Willing to be Illuminated and Pierced

Archive for December, 2015

2015 in review

The WordPress.com stats helper monkeys prepared a 2015 annual report for this blog.

Here’s an excerpt:

A San Francisco cable car holds 60 people. This blog was viewed about 880 times in 2015. If it were a cable car, it would take about 15 trips to carry that many people.

Click here to see the complete report.

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Hanging In the Balance

Today, I have the tendency to walk-out of my job.
For the first time in my career life, I have lost my vision and my dreams. The stress and pressure in my present job has now gotten to my nerves. I am beginning to abhor making content for television. I felt I had the right to lay back and just take in what’s being fed into me.
It’s not easy being a producer. And it’s not easy reaching your boss’ standards.
Truth is, I want freedom. No bosses, no competition, just freedom of expression. However, I am limited by the modes of practicality: the need for work, the need to earn by working for other companies.
But in my five months stay, I feel I am not growing. I am doing the same mistakes.
I am now confused whether to continue in this job or leave and look for another one. I wonder how can I know that this job that comes my way is for me?
I have a few days to decide where to go. I hope this New Year carries a new beginning in my career.

Breathing Adventure: Walking On Dry Seas At Dalahican, Quezon

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The shores of Dalahican, Quezon in the morning

Doing out-of-town television production has always been a love-and-hate moment for me. I’d hate it whenever I had to be separated from my mom, my bed, and my cozy little space. But this little resentment vanishes whenever that fresh, provincial air refreshes my soul, and every tree, rock, and un-Manila matter reinvigorate my eyes.

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The Badjao community in Dalahican, Quezon

The quiet, little barrio of Dalahican at the province of Quezon was just like any seaside community. Most of those living here would have the sea and its riches as their source of living. Cramped in a portion of this shore was a little community of a tribe called the Badjao. It is their story and of a teacher’s everyday heroism that was what we were here for. Should you miss tomorrow’s episode of Tapatan Ni Tunying, you can watch it here.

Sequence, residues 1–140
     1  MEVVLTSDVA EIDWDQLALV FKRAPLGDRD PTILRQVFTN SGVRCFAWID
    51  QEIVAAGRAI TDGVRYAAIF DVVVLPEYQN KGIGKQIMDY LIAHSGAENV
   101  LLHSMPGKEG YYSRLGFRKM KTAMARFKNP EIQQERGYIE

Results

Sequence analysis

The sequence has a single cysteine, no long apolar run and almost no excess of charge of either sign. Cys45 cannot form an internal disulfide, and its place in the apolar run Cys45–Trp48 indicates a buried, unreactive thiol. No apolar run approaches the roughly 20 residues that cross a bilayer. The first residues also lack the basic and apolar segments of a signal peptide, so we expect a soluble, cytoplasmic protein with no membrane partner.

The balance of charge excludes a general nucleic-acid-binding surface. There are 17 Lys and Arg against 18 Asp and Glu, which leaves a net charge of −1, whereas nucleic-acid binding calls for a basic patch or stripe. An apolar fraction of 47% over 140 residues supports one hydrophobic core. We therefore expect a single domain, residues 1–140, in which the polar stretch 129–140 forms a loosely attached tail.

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What the sea looks like at low-tide

I have this secret fancy of the sea and its mystery. For three days, I could get the chance to hear the sound of the soft, rolling waves on the shores. I even dared myself by diving into cool, salty waters along with the other Badjaos (who pushed me back into the boat because I was too heavy…waaaaah). All these are too priceless compared to what the city can offer.

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I can walk on water (when dry)

But the best thing for me was the freedom to walk on dry seas in the morning. When the waters are pushed back, amazing sea treasures are revealed. The first streaks of dawn reflected the skies upon the waterless sea. Starfishes and sea urchins peeked together through the growing seaweeds. Shells littered along the dunes lined upon the sand. These are simple joys that I’ll never find in Manila.

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Sea urchin and a starfish in a sea scramble

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Say hello to Mr. Starfish 🙂

If there’s something I’d like to take home, that would be the memories of once being here in this wonderful place. That’s why, I could not help taking pictures while sticking around with the cameramen. And oh, I couldn’t help also but pick up the prettiest shells I’d find. 🙂 If I could, I’d like to come back…just to see, breathe, hear, and feel that I am alive. 🙂

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